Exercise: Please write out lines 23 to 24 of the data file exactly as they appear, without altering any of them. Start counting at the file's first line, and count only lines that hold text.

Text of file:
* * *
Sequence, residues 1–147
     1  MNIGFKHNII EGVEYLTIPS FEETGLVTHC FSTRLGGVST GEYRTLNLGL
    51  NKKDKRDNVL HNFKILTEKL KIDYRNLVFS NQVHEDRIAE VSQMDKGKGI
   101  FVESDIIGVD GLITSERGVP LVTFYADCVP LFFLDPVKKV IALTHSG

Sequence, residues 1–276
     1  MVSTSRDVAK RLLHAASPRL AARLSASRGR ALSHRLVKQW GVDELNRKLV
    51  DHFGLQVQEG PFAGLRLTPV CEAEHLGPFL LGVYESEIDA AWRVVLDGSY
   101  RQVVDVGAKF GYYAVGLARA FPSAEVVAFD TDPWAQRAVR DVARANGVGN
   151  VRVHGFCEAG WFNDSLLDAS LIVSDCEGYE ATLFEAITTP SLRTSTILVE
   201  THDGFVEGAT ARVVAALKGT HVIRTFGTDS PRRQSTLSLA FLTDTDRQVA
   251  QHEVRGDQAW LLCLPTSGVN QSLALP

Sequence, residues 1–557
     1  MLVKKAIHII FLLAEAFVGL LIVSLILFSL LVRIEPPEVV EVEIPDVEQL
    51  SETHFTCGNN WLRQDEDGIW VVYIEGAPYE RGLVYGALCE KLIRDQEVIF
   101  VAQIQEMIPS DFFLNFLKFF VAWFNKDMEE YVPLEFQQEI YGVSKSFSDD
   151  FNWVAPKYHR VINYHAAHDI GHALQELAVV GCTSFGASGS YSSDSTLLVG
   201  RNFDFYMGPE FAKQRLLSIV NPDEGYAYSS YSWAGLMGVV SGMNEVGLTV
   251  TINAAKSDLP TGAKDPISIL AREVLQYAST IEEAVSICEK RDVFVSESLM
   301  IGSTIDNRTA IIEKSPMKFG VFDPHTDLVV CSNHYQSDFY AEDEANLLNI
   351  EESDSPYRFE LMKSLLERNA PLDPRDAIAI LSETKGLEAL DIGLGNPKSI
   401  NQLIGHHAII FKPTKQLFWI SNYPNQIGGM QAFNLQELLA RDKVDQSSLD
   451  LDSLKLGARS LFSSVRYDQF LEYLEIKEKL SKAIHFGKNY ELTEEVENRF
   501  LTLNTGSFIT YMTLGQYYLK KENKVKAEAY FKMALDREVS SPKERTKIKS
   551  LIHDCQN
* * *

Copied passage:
   501  LTLNTGSFIT YMTLGQYYLK KENKVKAEAY FKMALDREVS SPKERTKIKS
   551  LIHDCQN